City Hall wants these orange things to become your New Age fries
As the clock ticks ever closer to the November civic elections in BC, it's likely a number of Vision/COPE politicians are getting a tad nervous. That's because more than a few of them may be forced into retirement, however, we're just not sure who. This is also the time of year that governing parties want to make a big push to "get things done." That's why over the next few months, you'll likely see a flurry of motions and staff reports coming to council for debate and ratification.
Time is clearly running out to help change the narrative of this council being solely a "bike lane, backyard chicken and veggie garden" government. Vision will be pulling out all the stops in an attempt to re-orient the ship and begin getting better media coverage. Everyone except the Mayor knows he's been receiving terrible communications advice over the last 12 months. This advice has been manifesting itself in recent lacklustre polls and poor coverage on 6 o'clock newscasts.
The Vision politicians will be obviously pushing the public service hard this year to help them get re-elected. For many staffers that means working longer days and writing more reports that are eventually re-written by the City Manager. It's a prospect few of them are looking forward to as they await the final outcome of November's election.
You only need look at how jam packed the first council week in 2011 is to get a sense of what is coming down the pike. The expansion of the mishandled food cart program, watering down of green targets, taller towers, increased noise permit fees, online voting are but a few of the issues to be debated over the coming days.
Here is a quick summary to give you a sense of the scope of debate.
Pandora St Tragedy: On Tuesday afternoon council will vote on whether there should be a public inquiry into the Pandora Street fire that killed three men. If people register to speak to the motion, the debate and vote will be scheduled for Thursday. You can expect Vision will quash the motion claiming that an independent review is already taking place.
Green Targets Amended: The Mayor made a big deal about his promise to create 20,000 new green jobs by 2020. Well, that promise is being watered down in a staff report coming to council. Now Mayor Gregor wants to double the number of green jobs over 2010 levels by 2020. A few other green targets have also been adjusted to align with reality. The debate on adjusting the targets will take place on Thursday afternoon. If you get a moment, you might be interested in reading an opinion piece both Mike and I wrote for the Vancouver Sun regarding Mayor Gregor's green dream 20,000 jobs commitment.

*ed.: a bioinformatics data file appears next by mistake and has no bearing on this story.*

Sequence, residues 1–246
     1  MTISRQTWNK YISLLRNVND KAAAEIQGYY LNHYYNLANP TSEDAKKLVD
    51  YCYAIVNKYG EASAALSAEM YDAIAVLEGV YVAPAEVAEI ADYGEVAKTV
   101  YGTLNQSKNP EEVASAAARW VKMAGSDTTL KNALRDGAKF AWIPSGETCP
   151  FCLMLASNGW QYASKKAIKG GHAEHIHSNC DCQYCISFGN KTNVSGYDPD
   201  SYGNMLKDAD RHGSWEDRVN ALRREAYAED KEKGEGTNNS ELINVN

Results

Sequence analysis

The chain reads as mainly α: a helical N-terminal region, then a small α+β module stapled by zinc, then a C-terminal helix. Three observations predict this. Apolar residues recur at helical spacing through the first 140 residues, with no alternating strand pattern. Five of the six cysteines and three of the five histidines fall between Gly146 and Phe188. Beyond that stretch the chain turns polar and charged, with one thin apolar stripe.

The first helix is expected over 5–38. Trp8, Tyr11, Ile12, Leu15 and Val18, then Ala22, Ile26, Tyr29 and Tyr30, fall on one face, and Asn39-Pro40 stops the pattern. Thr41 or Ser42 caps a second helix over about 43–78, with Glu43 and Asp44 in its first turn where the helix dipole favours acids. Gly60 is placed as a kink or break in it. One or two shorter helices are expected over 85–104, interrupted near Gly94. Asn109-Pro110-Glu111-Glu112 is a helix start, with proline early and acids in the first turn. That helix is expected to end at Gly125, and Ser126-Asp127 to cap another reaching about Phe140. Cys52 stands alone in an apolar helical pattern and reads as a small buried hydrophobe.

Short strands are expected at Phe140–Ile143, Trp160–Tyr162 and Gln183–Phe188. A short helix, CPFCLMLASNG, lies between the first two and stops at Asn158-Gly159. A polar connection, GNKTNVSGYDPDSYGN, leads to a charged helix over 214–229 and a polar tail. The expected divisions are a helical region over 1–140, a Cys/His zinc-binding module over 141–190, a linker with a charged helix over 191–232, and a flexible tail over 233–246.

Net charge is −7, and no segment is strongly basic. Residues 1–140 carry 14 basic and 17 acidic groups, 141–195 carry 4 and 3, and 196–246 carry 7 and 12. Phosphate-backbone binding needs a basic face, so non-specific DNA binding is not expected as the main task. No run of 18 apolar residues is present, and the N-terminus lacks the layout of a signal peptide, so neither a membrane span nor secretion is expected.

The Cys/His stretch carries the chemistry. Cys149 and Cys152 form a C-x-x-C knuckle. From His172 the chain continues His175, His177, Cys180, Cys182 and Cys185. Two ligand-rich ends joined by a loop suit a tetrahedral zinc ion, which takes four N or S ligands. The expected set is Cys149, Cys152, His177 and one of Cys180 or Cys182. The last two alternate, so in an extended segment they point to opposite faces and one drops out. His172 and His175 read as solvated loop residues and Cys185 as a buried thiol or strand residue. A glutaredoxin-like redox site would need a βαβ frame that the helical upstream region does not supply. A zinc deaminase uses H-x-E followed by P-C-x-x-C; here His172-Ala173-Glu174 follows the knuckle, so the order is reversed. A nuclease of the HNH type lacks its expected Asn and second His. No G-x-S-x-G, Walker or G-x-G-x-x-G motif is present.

Pandora St Home Demolition: It may have taken years for the City to take action against the land owner at 2862 Pandora St, but plans are underway to demolish the home in a few weeks. Critics argue the house shouldn't be demolished until its determined if it will be needed as part of an independent review. The house caught fire just before Christmas and three people died. The cause of the fire was a faulty extension cord. The demolition debate will take place Thursday afternoon.
Noise Control: A report going to council on Thursday afternoon is asking for authority to increase the application fee for a Noise Exemption from $75 to $148 for applications submitted at least five working days prior to the date of the proposed activity and $296 for applications submitted less than five working days prior to the date of the proposed activity. These fees are starting to look a lot more like a tax grab and less like charges for actual services rendered. A court case related to this was fought in the Supreme Court of Canada and it forced gov't to reduce the fees it charged to more realistic numbers.
Taller Buildings and View Cones: If there are two issues that gets Vancouverites blood flowing it's that of building heights and views. A report coming to council on Thursday will seek approval to increase building heights. Council will also be discussing view cones and whether they still have a place in Vancouver's policy landscape.
Carrot Sticks Please: You read about it on the front page of the Vancouver Sun and now it's being debated at Council on Thursday morning. A report on the food cart program is seeking political approval to expand the program and add a nutritional component. It's likely Vision will approve the report which has already been dubbed "big mother".
As you can see, policy wonks will have a field day at City Hall this week. With so many issues coming forward, it will be interesting to see which one makes it out on top. We'll keep you posted on any new developments regarding these policy reports as the debate unfolds.
- Post by Daniel